Calvin’s Teaching on Job by Derek Thomas
After recently completing N.T. Wright’s new book, Evil and the Justice of God, I came away with the sense that evil is at God’s ankles like a small poodle biting and pestering. While I learned some things, the conclusion that we should simply learn to forgive more (while being true) was also a bit unsatisfying. For one who believes in the total sovereignty of God, this picture of evil was incomplete.
But the question, ‘Why do the most godly suffer?,’ is a question every Christian comes face-to-face with and to which every pastor must give an answer. I’m finding that the answer to this question is found within another big problem – how do we interpret the book of Job?
So when Derek Thomas’ book, Calvin’s Teaching on Job: Proclaiming the Incomprehensible God, arrived in the mail, I was eager to dive deep. And Thomas did not disappoint. With incredible depth, Thomas leads the reader systematically through Calvin’s thoughts as he wrestled with the book of Job. Here you will find both encouragement to tackle the book of Job expositionally and also real-life answers to the most perplexing questions in the Christian life. It’s a book that I will come back to time and time again when my own soul and the souls of friends ask the question ‘Why?’
Maybe the most helpful point I learned was exegetical. Calvin teaches us to use Elihu to interpret the Jobian dialogues (see Job 32:1-37:24). “While Calvin is consistently critical of the advice of Bildad, Eliphaz, and Zophar, he is generally supportive of the contribution of Elihu” (226). Elihu best understood the sovereignty of God, the nature of justice, the separation between God and man and that God’s justice and power go alongside His goodness.
By favoring the advice and input of Elihu, Calvin takes from the dialogues several helpful principles: Trials are appointed by God’s providence to educate us, they are used by God to humble us, they bring our hidden sins to the surface, and they bring us to repentance. “Afflictions also drive us to desire more of God’s help, provoking us to return to him, by drawing us to him, taming us, and teaching us to pray.” Certainly, “the distribution of trials is not whimsical or arbitrary” (228).
The bottom line is that God is incomprehensible. His providence is beyond our understanding. We cannot see the big picture, but we can rest in a sovereign God who does!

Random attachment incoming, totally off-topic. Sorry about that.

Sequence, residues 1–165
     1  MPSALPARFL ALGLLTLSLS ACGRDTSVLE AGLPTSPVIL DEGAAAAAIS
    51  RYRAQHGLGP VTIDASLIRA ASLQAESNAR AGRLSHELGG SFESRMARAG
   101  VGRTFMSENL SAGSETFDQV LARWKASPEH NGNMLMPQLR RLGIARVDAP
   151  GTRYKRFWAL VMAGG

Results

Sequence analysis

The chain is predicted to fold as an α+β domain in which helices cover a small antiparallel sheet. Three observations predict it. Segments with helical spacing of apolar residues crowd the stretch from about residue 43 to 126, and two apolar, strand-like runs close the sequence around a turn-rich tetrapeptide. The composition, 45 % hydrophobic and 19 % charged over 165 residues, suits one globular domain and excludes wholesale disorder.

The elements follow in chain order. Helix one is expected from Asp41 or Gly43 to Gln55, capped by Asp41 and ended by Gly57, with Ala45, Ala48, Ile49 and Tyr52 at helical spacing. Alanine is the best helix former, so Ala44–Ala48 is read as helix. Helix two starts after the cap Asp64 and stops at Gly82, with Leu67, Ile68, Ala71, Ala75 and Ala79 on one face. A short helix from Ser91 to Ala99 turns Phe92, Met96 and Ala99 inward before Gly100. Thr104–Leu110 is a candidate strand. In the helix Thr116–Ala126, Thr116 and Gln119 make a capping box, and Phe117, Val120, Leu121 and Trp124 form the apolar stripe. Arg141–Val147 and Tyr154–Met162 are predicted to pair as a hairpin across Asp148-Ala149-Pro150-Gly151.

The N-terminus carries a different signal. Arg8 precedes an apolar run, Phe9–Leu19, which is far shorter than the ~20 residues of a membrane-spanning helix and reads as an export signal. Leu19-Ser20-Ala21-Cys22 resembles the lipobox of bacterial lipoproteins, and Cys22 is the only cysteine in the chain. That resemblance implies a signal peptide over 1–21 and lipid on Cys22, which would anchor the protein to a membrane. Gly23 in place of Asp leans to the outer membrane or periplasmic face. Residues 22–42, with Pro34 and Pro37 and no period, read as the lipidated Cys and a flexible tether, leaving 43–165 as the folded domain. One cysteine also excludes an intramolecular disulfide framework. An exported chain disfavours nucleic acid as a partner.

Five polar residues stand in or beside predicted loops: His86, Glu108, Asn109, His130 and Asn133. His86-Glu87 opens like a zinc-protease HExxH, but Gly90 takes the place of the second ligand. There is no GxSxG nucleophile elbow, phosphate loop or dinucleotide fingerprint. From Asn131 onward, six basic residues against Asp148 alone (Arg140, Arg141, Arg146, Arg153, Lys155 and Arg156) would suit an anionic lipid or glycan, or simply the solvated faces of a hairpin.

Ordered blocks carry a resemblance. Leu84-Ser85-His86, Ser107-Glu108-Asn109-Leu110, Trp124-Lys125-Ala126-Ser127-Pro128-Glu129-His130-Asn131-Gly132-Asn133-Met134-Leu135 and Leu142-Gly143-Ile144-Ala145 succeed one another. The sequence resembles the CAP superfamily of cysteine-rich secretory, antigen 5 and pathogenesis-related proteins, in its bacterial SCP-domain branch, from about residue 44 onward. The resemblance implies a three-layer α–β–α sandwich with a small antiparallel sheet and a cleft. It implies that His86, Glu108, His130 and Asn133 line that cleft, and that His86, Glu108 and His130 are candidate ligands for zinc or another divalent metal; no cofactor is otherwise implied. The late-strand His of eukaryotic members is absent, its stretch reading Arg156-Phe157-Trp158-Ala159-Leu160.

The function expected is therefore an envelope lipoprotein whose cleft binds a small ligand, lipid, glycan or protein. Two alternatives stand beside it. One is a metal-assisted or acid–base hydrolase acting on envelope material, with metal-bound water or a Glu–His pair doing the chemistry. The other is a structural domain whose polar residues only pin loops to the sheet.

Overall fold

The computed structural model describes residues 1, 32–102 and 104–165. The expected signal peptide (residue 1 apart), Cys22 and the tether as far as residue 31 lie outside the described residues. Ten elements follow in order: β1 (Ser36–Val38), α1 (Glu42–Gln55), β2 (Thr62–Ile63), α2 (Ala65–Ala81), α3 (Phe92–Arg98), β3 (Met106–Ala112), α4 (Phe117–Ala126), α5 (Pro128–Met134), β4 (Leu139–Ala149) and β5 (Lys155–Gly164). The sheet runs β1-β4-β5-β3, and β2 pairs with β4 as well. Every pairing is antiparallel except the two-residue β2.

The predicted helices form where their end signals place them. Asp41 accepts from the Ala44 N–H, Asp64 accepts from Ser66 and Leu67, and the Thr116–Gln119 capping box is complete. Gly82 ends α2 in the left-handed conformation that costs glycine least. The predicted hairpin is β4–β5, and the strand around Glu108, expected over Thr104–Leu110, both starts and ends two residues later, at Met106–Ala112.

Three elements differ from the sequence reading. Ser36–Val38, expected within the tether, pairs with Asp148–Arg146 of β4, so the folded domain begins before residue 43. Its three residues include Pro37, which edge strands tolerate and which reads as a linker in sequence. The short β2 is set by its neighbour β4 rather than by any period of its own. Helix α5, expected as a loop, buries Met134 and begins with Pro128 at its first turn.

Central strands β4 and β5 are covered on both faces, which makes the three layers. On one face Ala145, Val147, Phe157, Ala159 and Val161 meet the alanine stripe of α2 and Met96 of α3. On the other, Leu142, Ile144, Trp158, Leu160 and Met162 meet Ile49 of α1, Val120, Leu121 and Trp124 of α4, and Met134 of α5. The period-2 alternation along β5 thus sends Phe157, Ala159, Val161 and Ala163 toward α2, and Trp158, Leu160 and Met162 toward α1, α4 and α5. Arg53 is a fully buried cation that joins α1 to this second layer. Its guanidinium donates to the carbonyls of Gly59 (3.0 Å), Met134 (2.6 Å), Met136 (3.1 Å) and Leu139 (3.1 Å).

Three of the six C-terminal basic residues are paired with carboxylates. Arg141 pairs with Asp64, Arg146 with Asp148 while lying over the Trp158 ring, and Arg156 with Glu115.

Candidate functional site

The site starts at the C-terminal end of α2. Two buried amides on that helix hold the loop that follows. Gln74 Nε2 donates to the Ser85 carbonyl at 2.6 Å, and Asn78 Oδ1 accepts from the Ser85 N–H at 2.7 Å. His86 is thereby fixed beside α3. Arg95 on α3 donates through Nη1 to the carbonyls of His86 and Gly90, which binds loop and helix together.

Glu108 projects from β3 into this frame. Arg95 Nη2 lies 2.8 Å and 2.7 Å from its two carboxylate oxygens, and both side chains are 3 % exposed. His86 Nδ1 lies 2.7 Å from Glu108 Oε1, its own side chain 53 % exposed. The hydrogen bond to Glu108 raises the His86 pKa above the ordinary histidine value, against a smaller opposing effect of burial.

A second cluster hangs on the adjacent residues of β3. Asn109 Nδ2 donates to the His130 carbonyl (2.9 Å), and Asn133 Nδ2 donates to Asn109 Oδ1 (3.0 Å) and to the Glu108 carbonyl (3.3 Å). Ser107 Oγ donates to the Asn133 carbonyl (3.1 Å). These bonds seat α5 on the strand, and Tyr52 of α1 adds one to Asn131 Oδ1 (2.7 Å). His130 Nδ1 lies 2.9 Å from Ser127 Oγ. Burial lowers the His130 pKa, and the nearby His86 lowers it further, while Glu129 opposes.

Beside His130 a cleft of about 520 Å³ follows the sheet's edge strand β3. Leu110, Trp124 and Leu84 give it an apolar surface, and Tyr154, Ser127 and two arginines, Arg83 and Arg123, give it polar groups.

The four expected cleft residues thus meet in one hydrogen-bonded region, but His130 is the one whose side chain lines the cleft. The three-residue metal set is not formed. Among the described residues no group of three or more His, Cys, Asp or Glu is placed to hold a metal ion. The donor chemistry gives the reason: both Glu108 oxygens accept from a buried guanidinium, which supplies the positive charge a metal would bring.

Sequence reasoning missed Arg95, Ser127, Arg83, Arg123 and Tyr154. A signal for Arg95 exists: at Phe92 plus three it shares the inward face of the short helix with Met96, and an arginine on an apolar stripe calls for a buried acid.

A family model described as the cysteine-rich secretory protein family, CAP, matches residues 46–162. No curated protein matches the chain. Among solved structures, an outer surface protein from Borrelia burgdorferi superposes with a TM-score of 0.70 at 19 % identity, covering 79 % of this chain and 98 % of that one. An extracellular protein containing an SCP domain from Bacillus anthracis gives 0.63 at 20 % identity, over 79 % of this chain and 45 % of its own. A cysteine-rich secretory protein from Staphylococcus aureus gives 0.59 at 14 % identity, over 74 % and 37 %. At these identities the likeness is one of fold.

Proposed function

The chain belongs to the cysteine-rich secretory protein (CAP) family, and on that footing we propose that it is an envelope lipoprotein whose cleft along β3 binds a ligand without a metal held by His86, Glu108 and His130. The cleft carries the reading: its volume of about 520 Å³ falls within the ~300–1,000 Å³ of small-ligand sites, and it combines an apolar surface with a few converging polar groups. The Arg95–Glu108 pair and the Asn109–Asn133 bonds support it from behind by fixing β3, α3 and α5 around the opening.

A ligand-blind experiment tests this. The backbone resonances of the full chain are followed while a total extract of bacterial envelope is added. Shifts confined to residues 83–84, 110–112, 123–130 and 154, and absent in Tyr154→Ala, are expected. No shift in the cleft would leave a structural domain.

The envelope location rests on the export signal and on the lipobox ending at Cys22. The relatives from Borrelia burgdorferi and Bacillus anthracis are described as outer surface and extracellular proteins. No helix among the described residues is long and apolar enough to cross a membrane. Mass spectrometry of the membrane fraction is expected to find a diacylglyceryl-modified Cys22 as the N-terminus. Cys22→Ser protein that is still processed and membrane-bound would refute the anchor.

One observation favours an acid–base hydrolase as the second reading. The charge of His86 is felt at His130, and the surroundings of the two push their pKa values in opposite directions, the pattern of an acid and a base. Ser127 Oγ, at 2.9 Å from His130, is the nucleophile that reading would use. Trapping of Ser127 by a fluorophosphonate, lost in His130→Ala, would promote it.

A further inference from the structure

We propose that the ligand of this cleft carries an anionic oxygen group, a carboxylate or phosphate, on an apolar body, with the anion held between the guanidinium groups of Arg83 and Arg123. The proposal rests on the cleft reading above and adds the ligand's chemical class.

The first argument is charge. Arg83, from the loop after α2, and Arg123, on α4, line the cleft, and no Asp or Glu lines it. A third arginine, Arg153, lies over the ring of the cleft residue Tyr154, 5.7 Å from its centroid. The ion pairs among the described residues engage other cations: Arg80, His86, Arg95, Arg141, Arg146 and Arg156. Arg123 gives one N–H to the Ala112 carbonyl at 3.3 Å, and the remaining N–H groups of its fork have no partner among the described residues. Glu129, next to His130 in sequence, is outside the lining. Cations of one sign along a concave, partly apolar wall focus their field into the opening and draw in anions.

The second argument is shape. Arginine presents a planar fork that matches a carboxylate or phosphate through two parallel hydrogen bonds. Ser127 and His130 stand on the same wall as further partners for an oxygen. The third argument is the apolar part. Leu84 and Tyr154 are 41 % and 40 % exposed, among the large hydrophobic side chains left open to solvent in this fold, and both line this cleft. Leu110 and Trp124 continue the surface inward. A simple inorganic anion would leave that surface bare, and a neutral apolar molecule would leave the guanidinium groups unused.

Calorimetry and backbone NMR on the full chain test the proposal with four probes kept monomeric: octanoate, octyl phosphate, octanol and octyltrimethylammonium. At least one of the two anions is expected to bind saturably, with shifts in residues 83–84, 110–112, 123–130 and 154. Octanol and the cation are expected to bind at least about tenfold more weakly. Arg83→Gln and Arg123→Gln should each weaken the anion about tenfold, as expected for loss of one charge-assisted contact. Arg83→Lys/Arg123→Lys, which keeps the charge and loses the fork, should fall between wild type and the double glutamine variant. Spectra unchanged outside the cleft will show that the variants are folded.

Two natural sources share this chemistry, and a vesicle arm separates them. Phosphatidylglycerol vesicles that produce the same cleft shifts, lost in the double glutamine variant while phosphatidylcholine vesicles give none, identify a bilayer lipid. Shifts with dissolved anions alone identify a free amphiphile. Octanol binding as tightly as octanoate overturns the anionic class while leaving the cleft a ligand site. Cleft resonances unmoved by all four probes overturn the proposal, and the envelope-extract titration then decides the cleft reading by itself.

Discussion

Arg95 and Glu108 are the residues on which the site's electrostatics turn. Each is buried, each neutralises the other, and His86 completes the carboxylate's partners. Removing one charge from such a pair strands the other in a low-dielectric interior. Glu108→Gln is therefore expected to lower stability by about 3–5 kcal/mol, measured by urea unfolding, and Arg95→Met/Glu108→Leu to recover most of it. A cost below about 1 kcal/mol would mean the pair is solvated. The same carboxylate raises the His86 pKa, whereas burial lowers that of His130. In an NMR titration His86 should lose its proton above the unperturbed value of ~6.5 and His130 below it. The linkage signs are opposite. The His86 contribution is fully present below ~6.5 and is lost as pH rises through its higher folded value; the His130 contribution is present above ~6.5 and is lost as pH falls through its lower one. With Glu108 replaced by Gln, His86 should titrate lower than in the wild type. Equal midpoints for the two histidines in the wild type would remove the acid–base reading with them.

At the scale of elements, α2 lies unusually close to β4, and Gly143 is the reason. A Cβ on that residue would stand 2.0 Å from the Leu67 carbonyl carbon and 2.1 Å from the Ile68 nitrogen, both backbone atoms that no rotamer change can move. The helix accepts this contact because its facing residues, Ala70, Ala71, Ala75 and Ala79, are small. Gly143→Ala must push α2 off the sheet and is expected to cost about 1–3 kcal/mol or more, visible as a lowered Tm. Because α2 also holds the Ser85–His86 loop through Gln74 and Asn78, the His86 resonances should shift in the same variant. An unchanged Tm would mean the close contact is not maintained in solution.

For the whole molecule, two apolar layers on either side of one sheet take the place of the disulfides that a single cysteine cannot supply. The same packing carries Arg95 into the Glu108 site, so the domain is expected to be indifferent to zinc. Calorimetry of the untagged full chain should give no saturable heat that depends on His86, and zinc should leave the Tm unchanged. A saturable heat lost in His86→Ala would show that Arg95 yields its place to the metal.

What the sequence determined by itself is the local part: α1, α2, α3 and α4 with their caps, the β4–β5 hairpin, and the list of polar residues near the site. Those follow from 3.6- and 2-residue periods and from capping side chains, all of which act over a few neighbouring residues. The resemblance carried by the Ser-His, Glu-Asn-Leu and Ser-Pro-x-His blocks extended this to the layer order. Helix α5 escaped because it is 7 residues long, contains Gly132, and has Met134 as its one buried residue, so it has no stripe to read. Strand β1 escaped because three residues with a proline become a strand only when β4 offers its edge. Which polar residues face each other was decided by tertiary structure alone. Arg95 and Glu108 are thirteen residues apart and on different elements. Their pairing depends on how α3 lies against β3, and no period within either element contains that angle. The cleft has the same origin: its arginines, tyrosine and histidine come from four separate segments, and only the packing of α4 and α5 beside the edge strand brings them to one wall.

“When bad things happen to the righteous, the Lord is involved in the deepest possible way. Far from removing God from such crises in the interest of rescuing him from the charge of sin’s authorship, Calvin regularly takes God further and further into the difficulty. He meets the ensuing theological and pastoral difficulties by resorting to God’s incomprehensibility” (375).
Although it was a doctoral dissertation, the book reads very well. The old English spelling of Calvin’s sermons on Job may be annoying but you will pick up on it as you read (to “… shewe vs hee is the iudge of the world we must learne to stande in awe of him”). Thomas is critical of Calvin when necessary. The book itself is over 60-percent footnotes (surely setting some record). The masses of footnotes are mostly direct references from Calvin, providing him an extensive first-hand voice while keeping the book clean and concise.
For 14 months between 1554 and 1555 John Calvin preached through the book of Job, leaving a wealth of expositional insights and pastoral applications for future expositors. Dr. Thomas has assembled these insights in a systematic format that will benefit the student seeking a guide to Calvin’s thought, the pastor seeking a guide to counseling, and for the preacher seeking an exegetical guide to interpret the book of Job. An excellent addition to the library of a Humble Calvinist.
Title: Calvin’s Teaching on Job: Proclaiming the Incomprehensible God
Author: Derek Thomas
Dust jacket: no
Topical index: yes
Scriptural index: no
Text: perfect type
Publisher: Christian Focus Publications, Mentor
Price USD: $25.99/$18.99 from CBD
ISBNs: 1857929225, 9781857929225
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